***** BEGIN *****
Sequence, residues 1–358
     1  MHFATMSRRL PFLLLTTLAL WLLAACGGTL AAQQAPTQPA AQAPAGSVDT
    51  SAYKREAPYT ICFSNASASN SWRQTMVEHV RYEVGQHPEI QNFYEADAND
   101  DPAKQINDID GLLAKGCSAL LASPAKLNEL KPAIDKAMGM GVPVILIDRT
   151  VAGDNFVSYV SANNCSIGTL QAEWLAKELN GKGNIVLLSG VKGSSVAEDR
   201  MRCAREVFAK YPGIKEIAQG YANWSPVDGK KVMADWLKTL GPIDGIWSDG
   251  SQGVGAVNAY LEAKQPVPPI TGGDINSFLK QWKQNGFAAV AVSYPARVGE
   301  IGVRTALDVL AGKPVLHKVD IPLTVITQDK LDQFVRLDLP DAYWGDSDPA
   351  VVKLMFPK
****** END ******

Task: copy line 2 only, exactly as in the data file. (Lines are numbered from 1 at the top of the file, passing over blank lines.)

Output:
     1  MHFATMSRRL PFLLLTTLAL WLLAACGGTL AAQQAPTQPA AQAPAGSVDT